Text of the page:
If you’ve not watched the Channel 4 Dispatches episode entitled Skipping School: Britains Invisible Kids then I urge you to familiarise yourself with it or this post won’t make an awful lot of sense.
Anyway, the description for it is
“As the number of children leaving school in favour of home education doubles, Dispatches asks why, and if parents’ rights to remove a child are coming before the education, or safety, of children”
I’ve hadn’t even watched the thing yet and immediately it reeked of biased opinions from extreme incidences with a topping of inexperience and lack of education (lol, ironic) when it comes to home education today, so I knew
Not even a minute in and they are talking about home education like we are the next case of swine flu ready to kill off the nation with a pandemic of kids who were more than likely failed by the education system and are much happier learning at home. I know I was, I’d go as far to say that’d I’d be dead if my Mum didn’t pull me out of school when she did. As a child who developed anxiety pretty early on at age 2, then School Refusal Disorder along with a
Now this wasn’t because I had additional learning needs, I was top of most things so I can only imagine how many children who struggle academically as well as mentally with the state of the school system yet here these people are talking about parents who more than likely thought long an hard about their decision to home educate and chose to with their child’s welfare as their main reason for pulling them out, but here is this woman talking about how scary home educating is like we are locking our kids in the cupboard under the stairs Harry Potter style.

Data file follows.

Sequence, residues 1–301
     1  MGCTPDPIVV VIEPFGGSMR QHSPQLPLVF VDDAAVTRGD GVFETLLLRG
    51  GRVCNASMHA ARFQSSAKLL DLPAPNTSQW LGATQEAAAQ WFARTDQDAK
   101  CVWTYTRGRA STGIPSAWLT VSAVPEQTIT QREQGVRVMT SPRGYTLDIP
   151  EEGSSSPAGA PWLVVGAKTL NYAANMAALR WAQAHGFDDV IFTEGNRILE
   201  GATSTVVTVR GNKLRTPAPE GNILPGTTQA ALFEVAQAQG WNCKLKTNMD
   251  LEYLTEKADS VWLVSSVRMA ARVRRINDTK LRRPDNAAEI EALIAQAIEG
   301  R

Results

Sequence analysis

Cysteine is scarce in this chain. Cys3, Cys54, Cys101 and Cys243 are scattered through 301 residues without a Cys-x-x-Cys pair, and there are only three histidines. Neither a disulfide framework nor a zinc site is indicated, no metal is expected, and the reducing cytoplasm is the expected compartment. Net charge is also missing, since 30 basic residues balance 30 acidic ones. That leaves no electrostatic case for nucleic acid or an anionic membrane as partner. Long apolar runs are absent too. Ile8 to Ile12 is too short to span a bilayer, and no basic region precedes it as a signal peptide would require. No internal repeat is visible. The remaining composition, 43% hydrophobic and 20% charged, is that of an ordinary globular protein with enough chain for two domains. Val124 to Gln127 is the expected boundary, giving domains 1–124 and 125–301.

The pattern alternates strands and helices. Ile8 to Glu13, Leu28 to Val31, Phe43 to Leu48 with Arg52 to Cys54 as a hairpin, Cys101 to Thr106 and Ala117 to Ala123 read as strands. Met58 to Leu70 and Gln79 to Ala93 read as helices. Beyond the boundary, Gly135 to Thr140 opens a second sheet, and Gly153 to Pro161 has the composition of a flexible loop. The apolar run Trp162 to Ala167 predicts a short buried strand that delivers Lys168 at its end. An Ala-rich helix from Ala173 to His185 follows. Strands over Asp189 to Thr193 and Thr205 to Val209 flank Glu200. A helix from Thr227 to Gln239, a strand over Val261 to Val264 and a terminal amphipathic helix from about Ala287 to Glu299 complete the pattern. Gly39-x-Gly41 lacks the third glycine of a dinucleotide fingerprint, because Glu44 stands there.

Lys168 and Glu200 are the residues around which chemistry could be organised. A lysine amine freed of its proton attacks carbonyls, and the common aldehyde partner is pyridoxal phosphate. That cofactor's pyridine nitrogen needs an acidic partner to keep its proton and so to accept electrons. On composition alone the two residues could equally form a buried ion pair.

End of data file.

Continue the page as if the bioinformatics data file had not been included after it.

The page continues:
Yes, of course, there are exceptions to that and there are some sick individuals who are abusing their children but chances are they’d still be doing it if their kids went to mainstream school too. Home education
When it comes to terrible things happening to children, I ask you, how many times have you heard about an abused child being home educated on the news compared to those who attend school? I know the majority I’ve seen have attended school and I know a lot of stories don’t get the national news but my point still stands. I don’t know where this woman’s priorities are but they certainly aren’t where she claims them to be. To me she seems like an extremist, anti-home ed cultist. She seems to really have a bee in her bonnet over everything home education, it’s really strange to have such strong views yet clearly does not understand the reason the majority of parents choose that route. It’s most